A broad perspective on why gambling is so much fun
For me, it’s mostly about the excitement, or the lack of it during daily life. Work and studies can be fun, satisfying, inspiring, and all that. It can also be a living hell if you haven’t found a place to unleash your true passion to control those ardent desires that are trying to burn a hole through your chest. They want to be felt. Act upon those fires. Control them. Extinguish them. Set fire again afterwards. Stay alive. Be eager and do what you’ve got to do. Gambling is just a distraction. A solution for dullness. Or not?
The word gambler dates back to the 1700’s. It was used as a slang term for cheaters, or reckless players of a game. Gaming, derived from the Anglo-Saxon gamenian meaning to play or to sport, was used for wagering on the outcome of events. Gambling nowadays is known as “playing games for money or other stakes”, or “anything involving risks and uncertainties”.
Gambling as entertainment is a strange phenomenon
Risk and uncertainty are at the core of a fun night out at the casino with friends, a poker night at home, or any other game you can think of that’s worth the joy to wager on. Heads or tails for $10 a flip is also fun to spice up pastime. It’s mainly about the money contributing to entertainment. But, why? What does playing games for money and taking risks make good entertainment? We need it, yes. You don’t want to lose it, but that’s always a possibility when you start gambling. What’s the fun in that? It doesn’t seem to be a very rational thing. Probably because it isn’t. Gambling for other stakes, such as assigning a (crazy) task to the loser, makes more sense when entertainment is the explicit goal.
The unknown is thrilling
Not knowing beforehand what’s going to be the outcome of a game, is what makes wagering exciting. Of course, you can calculate the chances of winning or losing within all different kind of games, but the outcome won’t be a certainty, unless you’re hustling. The joy can come from that powerful and satisfying feeling of winning. If it’s not that, you probably feel something in the form of joy when you gain financially by playing a game. In case of gambling for other stakes, such as making the loser do a striptease, a sense of relief might dominate your feelings if you win. Although, the fun in that might depend on who lost. I’m just saying.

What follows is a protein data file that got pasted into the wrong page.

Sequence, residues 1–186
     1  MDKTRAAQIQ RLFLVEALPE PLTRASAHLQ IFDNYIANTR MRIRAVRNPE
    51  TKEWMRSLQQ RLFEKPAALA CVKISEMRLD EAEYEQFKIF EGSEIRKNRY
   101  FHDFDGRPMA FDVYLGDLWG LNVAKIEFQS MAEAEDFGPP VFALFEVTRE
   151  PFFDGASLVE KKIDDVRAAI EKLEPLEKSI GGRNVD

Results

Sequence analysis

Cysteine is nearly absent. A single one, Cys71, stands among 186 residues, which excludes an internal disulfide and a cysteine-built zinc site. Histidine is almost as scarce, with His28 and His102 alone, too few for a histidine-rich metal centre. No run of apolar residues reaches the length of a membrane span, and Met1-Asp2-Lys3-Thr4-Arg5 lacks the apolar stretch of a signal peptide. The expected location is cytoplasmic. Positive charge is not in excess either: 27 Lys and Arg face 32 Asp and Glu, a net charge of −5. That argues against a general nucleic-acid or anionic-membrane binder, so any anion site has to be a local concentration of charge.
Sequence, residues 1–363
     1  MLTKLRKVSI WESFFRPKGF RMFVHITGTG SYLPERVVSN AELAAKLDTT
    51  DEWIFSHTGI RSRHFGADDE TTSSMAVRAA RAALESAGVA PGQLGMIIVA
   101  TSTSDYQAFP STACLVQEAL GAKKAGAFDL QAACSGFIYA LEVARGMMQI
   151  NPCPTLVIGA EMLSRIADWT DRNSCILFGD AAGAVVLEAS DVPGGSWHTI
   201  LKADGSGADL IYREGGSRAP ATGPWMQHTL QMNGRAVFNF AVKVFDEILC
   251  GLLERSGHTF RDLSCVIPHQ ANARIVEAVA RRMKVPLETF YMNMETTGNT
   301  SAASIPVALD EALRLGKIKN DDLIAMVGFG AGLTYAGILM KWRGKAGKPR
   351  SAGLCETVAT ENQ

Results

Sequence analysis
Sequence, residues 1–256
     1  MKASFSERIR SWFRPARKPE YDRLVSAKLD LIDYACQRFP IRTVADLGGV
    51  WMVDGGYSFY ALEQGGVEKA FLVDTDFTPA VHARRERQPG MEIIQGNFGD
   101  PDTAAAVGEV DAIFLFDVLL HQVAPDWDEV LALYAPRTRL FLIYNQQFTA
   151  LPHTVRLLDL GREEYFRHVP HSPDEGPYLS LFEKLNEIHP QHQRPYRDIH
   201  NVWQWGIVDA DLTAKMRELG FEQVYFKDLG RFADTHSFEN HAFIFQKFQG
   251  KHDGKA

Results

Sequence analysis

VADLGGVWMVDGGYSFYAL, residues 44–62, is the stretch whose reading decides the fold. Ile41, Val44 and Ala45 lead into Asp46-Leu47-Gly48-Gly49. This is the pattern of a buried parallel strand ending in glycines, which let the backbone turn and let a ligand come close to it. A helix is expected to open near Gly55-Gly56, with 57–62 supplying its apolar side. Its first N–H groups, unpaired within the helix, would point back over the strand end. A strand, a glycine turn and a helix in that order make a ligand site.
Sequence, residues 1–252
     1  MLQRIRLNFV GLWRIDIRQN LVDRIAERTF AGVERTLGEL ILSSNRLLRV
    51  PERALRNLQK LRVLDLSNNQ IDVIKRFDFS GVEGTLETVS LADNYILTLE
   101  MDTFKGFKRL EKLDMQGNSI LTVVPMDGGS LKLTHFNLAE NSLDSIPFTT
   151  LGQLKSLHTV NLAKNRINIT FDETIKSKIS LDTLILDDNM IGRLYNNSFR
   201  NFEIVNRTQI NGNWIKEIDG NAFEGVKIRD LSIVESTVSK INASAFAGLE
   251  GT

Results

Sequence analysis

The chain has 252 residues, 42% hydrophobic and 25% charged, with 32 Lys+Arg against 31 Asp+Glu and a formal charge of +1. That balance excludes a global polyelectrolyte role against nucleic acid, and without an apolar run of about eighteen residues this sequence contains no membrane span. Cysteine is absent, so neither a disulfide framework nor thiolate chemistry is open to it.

There is more to it than just thrills
There is more to gambling than just joy, excitement, and relief. Let’s broaden our perspective on gambling by using some anthropological insights. Gambling was, and is, often seen as “an individualized, private affair, and so intensely isolating it all too often leads to addiction”, which is why it’s subject to psychology and medical studies. A night out at the casino with friends or a poker night at home, prove that gambling is not always an isolating, and individual affair. It’s a social activity as well. Online gambling probably contributes more to gambling as a private affair. But, even then there’s a social component to gambling, especially when you’re playing poker online, which is immensely popular. Players interact with each other while they’re playing a tournament. They try to understand each other’s way of thinking and look for patterns. Clifford Geertz, a pioneer in the discipline of cultural anthropology, portrayed the act of gambling:
“not as a solitary individual confronting an impersonal statistical risk, but as an occasion of social intercourse in which participants create, reify and internalize a shared web of meaning”.
Many factors influence the way gambling is being perceived and how people experience the act of gambling. Cultural values, religion, religious values, social landscapes, wealth, social class and status, moralities, and emotions among other things, are all important aspects for what gambling means to someone. In my opinion, creating and internalizing a shared web of meaning by finding common ground between all these aspects, is what makes this irrational entertainment so much fun. Joy and other emotions, judgements, understandings, and experiences derive from that common ground we create.
That’s all I wanted to say, for now. I don’t want to bother you with an extensive anthropological essay. By the way, I’m not addicted. I like the excitement and yes, I’ll be careful, wise, and everything else you and my beloved friends would tell me. It’s just one of those things, you know. Being excited about the unknown while finding myself on common ground.
 Price, J.A. (1971) ‘Gambling in Traditional Asia’ Anthropologica 14-2: 157-180.
 Blackshaw, S. (2015) ‘Classic Book Review: Gambling – Hazard and Reward’ Annals of Leisure Research 18- 3: 431-433.
 Sallaz, J.J. (2008) ‘Deep plays: A comparative Ethnography of Gambling Contests in Two Post-Colonies’ Ethnography 9-1: 5-33.